The longer periods of quarantine and social distancing last, the worse the psychological well-being. With increasing duration, fears, worries, depressive moods, feelings of loneliness and unhealthy behaviour increase. Experiencing flow is able to break up or at least greatly weaken this connection. The results from China show that the more flow they experience, the better the well-being of people in quarantine. The more the chosen activities are flow inducing, the less negative feelings, depressive moods and unhealthy behaviour are experienced, the more positive emotions and healthy behaviour are developed. Persons in a longer quarantine who reported above-average flow experience did not feel worse overall than persons who had not yet been in quarantine. So there are good reasons for choosing activities in which we are particularly good at getting into a flow state. Or for learning strategies that help us to get into flow more effectively.
Do you know easy to learn motivation tips that can be applied at present, that also work for athletes who have never dealt with mental techniques before?
I'm not sure if athletes currently need motivational tips. Many want to, but they can't/may not always do it the way they want. A recent study even shows that people who were doing regular exercise and sports before the corona crisis seem to be training more at the moment.
But there are a number of proven mental strategies that can be helpful in coping better with crises and recovering from them faster. And perhaps now is a good time to look into this topic more intensively, because these mental strategies also promote motivation, performance, flow and health, not only in times of crisis. Good arguments for mental training.
I had already referred to the study on resilience that I conducted with endurance athletes. The result: The more often mental strategies are used, the more resilient the athletes seem to be, i.e. the better they get through difficult times. But which strategies are these? The following figure shows this. The grey line is an average profile of hundreds of athletes. A detailed discussion would go too far here. You can find more details and a scientifically sound possibility to do a personal "Mental Strengths" diagnostic in my book Mental Toughness for Runners. A Complete Guide and at www.endurancepsychology.de.
But I would like to give a current example. By visualization we understand the systematic work with inner images. This can be, for example, the intensive imagination of the future, how it will be when we emerge strengthened from this time of crisis, what we will do then, how we will feel, e.g. how we will participate in the fantastic competition in 2021 and rock it. But these can also be intense memories. For example, as a mental training program for one week, a customer has decided to consciously take the time to relive emotionally significant and especially beautiful runs from the past as intensively as possible in front of his inner eyes. That feels good, makes you feel positive, strengthens your self-confidence and makes you want to do new, future runs.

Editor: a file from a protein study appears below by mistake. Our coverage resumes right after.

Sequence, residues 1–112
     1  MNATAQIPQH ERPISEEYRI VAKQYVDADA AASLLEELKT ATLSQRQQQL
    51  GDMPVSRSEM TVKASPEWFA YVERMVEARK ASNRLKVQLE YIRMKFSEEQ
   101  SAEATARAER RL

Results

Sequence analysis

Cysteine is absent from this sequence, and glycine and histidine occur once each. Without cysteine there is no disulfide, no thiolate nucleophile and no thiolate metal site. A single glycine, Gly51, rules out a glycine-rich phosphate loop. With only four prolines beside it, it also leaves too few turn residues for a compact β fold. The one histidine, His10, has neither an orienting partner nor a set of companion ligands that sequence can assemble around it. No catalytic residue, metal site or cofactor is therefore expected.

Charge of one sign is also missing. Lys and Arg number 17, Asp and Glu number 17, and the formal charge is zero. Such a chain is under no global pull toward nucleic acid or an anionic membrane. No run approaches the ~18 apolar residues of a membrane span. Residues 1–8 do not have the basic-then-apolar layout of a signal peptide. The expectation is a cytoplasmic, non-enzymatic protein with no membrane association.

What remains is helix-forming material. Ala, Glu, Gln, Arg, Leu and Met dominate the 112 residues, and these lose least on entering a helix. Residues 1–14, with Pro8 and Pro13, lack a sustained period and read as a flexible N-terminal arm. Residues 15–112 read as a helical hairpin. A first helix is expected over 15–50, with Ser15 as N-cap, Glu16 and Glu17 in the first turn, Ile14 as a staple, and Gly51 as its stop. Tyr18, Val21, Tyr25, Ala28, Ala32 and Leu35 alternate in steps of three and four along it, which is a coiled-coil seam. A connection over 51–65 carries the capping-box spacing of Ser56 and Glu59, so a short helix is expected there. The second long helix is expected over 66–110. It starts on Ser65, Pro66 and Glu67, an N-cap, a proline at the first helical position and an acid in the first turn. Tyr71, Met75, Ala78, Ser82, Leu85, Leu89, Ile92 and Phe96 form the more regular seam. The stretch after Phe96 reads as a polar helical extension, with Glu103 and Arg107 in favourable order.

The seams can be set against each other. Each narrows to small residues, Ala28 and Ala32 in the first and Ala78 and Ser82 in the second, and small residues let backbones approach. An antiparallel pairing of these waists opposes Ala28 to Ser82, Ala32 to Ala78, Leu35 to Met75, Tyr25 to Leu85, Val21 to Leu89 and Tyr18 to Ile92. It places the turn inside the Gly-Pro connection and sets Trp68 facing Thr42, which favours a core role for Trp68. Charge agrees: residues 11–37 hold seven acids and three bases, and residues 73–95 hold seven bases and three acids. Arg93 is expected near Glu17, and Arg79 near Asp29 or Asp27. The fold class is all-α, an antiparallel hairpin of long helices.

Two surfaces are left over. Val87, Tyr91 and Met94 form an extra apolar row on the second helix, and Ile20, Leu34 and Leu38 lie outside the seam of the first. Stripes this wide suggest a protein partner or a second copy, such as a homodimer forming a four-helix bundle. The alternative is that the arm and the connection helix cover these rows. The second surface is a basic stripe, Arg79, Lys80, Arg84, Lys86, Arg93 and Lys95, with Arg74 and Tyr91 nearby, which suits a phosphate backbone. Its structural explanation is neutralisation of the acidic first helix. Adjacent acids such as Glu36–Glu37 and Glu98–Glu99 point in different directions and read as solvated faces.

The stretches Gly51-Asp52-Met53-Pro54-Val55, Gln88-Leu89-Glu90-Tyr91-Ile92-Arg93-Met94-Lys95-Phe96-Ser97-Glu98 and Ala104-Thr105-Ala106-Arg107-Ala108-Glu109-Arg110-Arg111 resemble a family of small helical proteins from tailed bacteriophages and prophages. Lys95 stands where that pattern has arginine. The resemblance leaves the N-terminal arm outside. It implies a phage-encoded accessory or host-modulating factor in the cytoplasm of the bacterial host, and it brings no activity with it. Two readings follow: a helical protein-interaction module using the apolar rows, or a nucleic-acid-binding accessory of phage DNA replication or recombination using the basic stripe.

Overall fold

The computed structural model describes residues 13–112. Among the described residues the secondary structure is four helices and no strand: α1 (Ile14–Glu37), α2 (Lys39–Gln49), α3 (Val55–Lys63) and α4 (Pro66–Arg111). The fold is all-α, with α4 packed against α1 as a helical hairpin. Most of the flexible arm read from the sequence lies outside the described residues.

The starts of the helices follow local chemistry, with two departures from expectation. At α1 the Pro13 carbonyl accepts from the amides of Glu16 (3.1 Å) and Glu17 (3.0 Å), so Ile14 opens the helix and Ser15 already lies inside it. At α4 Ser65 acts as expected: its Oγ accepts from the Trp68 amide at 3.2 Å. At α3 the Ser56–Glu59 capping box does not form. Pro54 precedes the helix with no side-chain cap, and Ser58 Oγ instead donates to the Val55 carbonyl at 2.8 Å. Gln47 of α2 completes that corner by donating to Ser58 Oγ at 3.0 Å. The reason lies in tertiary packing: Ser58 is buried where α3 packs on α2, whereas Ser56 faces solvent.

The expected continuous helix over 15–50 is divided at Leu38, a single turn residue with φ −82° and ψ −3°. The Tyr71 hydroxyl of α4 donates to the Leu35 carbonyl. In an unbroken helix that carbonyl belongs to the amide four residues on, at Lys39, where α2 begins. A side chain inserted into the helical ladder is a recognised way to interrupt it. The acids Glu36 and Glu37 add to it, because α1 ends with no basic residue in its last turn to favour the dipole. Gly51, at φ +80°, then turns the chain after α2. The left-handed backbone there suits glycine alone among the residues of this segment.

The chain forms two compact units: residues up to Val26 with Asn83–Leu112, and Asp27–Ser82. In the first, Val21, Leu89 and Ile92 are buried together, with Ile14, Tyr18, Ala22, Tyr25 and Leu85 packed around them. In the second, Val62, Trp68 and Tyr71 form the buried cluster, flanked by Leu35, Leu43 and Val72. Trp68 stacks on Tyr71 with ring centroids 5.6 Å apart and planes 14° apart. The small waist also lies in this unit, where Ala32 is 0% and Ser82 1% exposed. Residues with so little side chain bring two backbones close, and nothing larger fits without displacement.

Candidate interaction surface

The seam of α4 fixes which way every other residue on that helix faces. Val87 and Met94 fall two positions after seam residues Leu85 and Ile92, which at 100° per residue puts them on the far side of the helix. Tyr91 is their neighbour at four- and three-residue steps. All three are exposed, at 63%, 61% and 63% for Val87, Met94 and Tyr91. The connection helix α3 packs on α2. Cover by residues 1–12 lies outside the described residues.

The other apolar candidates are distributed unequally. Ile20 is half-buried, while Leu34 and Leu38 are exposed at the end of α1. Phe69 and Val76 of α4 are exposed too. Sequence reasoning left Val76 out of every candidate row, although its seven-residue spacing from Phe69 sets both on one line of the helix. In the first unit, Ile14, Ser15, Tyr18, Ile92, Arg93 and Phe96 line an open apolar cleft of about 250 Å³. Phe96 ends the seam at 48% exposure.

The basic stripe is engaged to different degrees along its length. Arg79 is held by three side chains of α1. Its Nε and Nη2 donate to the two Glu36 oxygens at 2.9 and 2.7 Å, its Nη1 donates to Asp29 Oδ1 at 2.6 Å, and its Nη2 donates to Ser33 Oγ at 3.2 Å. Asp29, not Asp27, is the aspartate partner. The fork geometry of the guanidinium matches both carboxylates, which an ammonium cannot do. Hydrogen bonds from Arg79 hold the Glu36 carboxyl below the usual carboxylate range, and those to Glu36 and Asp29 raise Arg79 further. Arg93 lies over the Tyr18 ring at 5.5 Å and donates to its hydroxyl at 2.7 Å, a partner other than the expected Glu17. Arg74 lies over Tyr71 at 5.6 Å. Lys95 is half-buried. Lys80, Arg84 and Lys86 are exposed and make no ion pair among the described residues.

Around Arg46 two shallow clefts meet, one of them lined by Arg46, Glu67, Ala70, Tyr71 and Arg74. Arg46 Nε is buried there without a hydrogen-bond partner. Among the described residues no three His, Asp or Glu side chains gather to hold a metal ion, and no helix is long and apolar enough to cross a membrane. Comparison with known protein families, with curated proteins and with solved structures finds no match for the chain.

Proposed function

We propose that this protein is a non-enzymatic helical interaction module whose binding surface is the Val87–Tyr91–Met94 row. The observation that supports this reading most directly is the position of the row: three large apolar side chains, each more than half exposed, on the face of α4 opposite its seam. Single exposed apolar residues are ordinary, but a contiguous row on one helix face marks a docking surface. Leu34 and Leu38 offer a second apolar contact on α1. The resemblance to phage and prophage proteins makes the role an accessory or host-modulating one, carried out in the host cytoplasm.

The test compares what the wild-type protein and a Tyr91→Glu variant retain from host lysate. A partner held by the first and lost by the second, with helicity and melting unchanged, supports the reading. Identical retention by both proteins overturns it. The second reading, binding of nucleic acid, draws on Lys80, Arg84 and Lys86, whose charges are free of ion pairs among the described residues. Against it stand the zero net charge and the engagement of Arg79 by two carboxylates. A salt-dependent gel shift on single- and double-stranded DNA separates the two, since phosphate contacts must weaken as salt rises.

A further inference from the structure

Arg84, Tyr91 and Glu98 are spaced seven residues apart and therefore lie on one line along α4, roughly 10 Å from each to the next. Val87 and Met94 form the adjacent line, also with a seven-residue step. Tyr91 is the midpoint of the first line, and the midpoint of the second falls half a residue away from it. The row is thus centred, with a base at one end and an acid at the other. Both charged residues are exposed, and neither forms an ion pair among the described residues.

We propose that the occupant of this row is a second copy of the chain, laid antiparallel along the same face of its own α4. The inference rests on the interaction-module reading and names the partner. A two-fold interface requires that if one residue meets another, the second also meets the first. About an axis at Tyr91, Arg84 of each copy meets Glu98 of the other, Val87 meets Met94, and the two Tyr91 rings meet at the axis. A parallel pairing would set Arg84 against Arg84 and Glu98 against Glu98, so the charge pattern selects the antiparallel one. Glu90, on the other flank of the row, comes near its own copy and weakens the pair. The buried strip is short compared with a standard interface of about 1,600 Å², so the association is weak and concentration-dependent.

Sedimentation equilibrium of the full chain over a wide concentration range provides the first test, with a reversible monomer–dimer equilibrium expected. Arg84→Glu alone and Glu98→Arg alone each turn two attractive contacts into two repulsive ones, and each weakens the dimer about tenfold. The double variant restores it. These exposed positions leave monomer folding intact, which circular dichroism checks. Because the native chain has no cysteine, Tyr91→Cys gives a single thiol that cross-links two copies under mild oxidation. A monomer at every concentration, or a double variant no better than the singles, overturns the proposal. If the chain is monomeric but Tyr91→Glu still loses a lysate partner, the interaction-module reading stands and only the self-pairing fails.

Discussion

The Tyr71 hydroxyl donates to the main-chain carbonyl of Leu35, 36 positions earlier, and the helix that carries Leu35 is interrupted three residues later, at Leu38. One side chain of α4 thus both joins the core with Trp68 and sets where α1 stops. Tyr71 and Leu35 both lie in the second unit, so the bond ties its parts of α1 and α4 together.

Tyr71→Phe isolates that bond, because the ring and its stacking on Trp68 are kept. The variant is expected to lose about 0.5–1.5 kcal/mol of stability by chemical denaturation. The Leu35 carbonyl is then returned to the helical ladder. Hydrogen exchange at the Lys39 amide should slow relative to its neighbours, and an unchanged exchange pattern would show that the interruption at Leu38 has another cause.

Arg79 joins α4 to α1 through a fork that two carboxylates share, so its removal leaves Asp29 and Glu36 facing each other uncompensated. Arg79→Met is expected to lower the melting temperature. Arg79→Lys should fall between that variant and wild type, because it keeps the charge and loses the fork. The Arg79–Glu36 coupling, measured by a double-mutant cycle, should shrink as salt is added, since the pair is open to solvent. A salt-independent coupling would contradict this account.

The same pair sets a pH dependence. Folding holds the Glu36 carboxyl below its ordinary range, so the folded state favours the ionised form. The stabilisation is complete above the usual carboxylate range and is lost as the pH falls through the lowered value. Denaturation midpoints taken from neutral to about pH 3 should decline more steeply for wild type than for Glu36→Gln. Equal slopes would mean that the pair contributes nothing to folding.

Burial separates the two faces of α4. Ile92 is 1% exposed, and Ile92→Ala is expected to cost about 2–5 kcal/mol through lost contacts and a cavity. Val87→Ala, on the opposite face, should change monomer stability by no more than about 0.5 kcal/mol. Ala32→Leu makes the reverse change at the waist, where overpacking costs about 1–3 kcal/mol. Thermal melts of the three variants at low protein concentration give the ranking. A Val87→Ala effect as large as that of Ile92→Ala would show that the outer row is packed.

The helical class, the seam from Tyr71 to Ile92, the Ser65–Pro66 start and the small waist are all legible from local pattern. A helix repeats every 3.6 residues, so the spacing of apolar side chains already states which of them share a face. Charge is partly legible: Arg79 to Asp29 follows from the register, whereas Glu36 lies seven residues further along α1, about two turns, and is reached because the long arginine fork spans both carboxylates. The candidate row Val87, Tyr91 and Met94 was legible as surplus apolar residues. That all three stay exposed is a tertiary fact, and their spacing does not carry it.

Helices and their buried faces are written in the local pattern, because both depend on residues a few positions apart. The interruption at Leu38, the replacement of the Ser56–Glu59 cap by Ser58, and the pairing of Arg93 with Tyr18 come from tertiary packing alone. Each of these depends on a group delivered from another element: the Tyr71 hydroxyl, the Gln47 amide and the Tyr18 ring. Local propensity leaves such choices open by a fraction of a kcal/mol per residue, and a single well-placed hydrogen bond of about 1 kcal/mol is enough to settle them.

When and how do you recognize that you should seek professional help?
Help with what? That depends very much on the topic. I will pick out one aspect that is discussed more often due to the current restrictions on activity and contact prohibitions: Depression. Just as the body can fall ill, so can the psyche. Although it can affect everyone and although mental illnesses are just as curable as physical ones, mental illnesses are unfortunately still a taboo subject in many places. The reasons for the occurrence of depression are manifold and cannot always be avoided: genetic predisposition determines how susceptible someone is. Personality factors, such as exaggerated perfectionism, and critical life circumstances promote the risk of a disease, such as the loss of important caregivers or identity-creating tasks, breaks due to injury or the end of a career. Against this background, vulnerable people may currently be at increased risk.
Depression can ultimately affect anyone. Approximately one in five falls ill with it at least once in their lives. Depression occurs in competitive sports to the same extent as in the general population. Early signs are often exhaustion, sadness, joylessness, sleep disorders, early morning awakening, lack of appetite. In addition, the symptoms must persist for at least two weeks. In athletes, the symptoms often initially manifest themselves physically with feelings of exhaustion or even pain. A well-informed, attentive environment can be very helpful in giving feedback. For a self-test, for example, the WHO 5 test can provide initial information. The scientifically based questionnaire takes only one minute and is available on my website for free download. Depression can usually be treated very well. Early detection and early treatment is important. Sports doctors or sports psychologists can be helpful in initiating and communicating measures.
Are there any of your articles or books that you particularly recommend reading these days?
I would like to recommend Mental Toughness for Runners. A Complete Guide The above mentioned strategies are explained in detail. You can train your mental skills on the basis of a well-founded personal position-fixing. The book offers tons of hands-on excercises, and proven tips. It is recommended by recreational and top athletes far beyond the running sport, e.g. also by corporate leaders. According to readers feedback it helps to promote motivation and performance and to master extreme challenges in professional and everyday life, as well as personal lows in life.